James Selfe. Picture: TREVOR SAMSON
James Selfe. Picture: TREVOR SAMSON

Gauteng and Eastern Cape provincial leaders of the DA say they are unhappy with the party’s stance on empowerment and are set to challenge it at a federal executive committee meeting next week.

This followed a statement released on Monday by the party to clarify its stance on BEE after confusing and contradictory positions were uttered by its leaders over the weekend.

In a joint statement released by DA federal council chairman James Selfe and head of policy Gwen Ngwenya on Monday, they said the party acknowledged the legacy of apartheid and its impact on society, saying redress was both a "moral and economic imperative".

"Crucially, we have always said that we aim to achieve a society in which race is not a determinant of opportunity. We have argued that empowerment policies need to become less race-focused over time, as the policies begin to do their work in redressing the legacy of apartheid," they said in the statement.

The announcement was lauded by the liberal grouping within the party. The broad argument by those in support of the change was that disadvantage could be measured, and black and poor South Africans would still be the major beneficiaries of empowerment.

The provinces have generally put up a united front on policy.

Gauteng’s John Moodey told Business Day he would raise the issue as he believed the announcement was premature. He said the debate around the matter was not yet concluded.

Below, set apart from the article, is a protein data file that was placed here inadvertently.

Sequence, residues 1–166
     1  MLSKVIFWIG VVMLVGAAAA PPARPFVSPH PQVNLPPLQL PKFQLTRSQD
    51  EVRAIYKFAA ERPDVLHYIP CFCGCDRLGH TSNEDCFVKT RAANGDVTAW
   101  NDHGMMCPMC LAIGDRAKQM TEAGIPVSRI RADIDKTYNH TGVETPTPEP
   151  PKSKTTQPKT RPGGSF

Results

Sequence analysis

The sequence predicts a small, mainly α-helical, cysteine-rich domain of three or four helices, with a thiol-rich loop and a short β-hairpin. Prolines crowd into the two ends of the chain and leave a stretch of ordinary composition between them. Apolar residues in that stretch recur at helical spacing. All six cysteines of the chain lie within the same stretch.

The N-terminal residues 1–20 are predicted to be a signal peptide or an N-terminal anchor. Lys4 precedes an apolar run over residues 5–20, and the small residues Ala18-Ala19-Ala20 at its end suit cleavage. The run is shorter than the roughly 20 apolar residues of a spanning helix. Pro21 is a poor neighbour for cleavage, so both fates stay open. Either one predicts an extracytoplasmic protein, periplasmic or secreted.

Eastern Cape DA leader Nqaba Bhanga said his understanding was that the framework presented by Ngwenya at the recent federal council meeting was still up for discussion by party structures.

He said he would raise the issue of the announcement that the DA rejected the ANC’s BEE policy as well as the narrow broad-based BEE.

"The DA will be making a very serious mistake," he said.

Bhanga said the DA had moved 100 steps forward by recognising that inequality cannot be separated from race.

If the DA wanted to be in government, it should acknowledge that race was used to oppress and deny blacks opportunities, he said.

Apartheid was race-based oppression and it should be addressed "in that fashion".

He said: "It would be naive by the DA to downplay that fact. I feel that [the new] policy seeks to take us 100 steps back from a party that, in Helen Zille’s point of view, was an open-opportunity society which acknowledged the importance of redress of the imbalances of the past."